The Soumah brand was launched in 2010, and takes on the cool climate of the Yarra Valley with a Northern Italian varietal twist. The winery’s pride at the moment seems to be the award-winning ‘Savarro’ – a white wine made from Savagnin grapes with an interesting story behind its name. As the lovely lady taking us through our wine tasting told, apparently Australian grape farmers and winemakers mistook the Savagnin Blanc grape as another variety, the Albarino, for years! Only recently has it come to light that most ‘Albarino’ vineyards are in fact Savagnin Blanc. The Savarro name gives a nod to both varieties. To be honest I’d not heard of or tasted either – but the 2012 Savarro we tried was a really pleasant change from some other Yarra Valley whites we’d tasted. We ended up buying a couple of bottles ($26 ea.) and some surprisingly delicious Chardonnay cleanskins ($15 ea.) as well.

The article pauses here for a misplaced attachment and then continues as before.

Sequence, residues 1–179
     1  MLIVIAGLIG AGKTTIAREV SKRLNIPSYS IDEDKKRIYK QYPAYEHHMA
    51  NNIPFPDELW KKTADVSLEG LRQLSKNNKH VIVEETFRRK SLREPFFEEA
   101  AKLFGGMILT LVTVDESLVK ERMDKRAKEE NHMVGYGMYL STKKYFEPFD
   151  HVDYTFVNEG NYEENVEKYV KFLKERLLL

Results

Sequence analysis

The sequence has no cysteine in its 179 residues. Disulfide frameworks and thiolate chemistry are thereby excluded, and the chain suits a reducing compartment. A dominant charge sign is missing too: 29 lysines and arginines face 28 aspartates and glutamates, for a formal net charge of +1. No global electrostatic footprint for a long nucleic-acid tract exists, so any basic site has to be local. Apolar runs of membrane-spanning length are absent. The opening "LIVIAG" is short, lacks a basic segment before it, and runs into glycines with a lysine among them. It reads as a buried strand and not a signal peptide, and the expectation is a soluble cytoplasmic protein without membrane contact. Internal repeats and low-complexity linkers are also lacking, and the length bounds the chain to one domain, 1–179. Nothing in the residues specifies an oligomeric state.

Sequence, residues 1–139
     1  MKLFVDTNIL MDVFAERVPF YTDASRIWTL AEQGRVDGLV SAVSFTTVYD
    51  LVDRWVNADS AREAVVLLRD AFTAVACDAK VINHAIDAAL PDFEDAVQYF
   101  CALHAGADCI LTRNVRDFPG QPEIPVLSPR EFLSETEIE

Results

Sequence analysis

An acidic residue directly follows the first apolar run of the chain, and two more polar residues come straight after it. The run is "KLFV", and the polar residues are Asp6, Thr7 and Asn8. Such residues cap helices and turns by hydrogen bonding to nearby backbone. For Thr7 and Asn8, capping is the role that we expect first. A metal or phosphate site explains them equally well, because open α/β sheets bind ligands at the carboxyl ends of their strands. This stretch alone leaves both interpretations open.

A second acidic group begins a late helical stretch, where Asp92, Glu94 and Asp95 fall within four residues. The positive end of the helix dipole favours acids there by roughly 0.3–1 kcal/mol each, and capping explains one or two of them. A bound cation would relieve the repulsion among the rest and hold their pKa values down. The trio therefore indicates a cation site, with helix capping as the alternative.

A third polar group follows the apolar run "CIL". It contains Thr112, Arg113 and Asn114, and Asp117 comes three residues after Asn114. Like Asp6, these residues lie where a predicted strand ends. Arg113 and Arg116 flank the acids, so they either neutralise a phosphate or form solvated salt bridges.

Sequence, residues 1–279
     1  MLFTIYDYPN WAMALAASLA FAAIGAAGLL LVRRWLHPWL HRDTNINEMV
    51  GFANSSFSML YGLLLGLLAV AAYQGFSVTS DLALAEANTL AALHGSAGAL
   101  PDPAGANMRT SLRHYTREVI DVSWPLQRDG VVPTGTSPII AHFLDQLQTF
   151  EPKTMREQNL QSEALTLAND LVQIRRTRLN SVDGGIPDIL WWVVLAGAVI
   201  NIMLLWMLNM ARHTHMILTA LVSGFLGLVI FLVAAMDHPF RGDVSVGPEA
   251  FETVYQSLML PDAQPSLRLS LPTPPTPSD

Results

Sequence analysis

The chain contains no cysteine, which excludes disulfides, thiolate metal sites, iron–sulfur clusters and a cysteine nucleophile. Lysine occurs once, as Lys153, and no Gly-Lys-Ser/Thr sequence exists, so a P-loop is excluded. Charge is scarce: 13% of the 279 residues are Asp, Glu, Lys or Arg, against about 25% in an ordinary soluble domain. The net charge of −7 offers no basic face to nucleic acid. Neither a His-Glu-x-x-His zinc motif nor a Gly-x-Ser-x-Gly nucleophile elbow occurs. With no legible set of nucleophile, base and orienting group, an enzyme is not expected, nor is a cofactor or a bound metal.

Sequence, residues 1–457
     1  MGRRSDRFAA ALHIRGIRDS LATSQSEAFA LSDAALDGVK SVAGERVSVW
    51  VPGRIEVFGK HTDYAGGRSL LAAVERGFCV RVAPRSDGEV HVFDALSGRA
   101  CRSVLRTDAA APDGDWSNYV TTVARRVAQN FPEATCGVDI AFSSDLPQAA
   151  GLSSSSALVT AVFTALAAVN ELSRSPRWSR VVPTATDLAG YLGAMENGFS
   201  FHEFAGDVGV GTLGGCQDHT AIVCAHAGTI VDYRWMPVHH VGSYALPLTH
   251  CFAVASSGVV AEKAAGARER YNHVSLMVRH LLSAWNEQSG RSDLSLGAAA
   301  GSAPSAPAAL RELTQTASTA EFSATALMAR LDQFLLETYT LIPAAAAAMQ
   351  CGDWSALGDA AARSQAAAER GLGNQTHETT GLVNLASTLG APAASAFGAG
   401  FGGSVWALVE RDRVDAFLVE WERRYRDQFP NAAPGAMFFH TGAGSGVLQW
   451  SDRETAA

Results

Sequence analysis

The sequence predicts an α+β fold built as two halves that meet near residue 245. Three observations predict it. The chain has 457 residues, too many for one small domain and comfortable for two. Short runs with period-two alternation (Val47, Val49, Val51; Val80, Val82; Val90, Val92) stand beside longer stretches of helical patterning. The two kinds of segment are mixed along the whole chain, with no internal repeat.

The cellar door tasting consisted of a generous eight or nine wines, and is free of charge for groups under six. As the only visitors at the time, we were really able to take our time tasting each wine and listen to the story behind each. In the end we picked a glass each of the 2012 Pinot Noir ($10 ea.) and set up on the outdoor seating area with an Italian cheese board of Black Truffle Pecorino, Buffalo Parmigiano, quince jelly, fruit, nuts and lavosh ($18).



The vineyard view from the outdoor seating area was beautiful, and can definitely still be enjoyed in cooler months from the rear indoor seating area (there’s even a wonderful wood fire for winter visitors!). It certainly depends on what you’re looking for when choosing which wineries to visit in the Yarra Valley, but the quiet, relaxing atmosphere of Soumah is something we really loved. If that sounds like your style – or the Domaine Chandons and Yering Stations of the ‘Valley have simply got you a bit worn out – I’d definitely recommend a trip.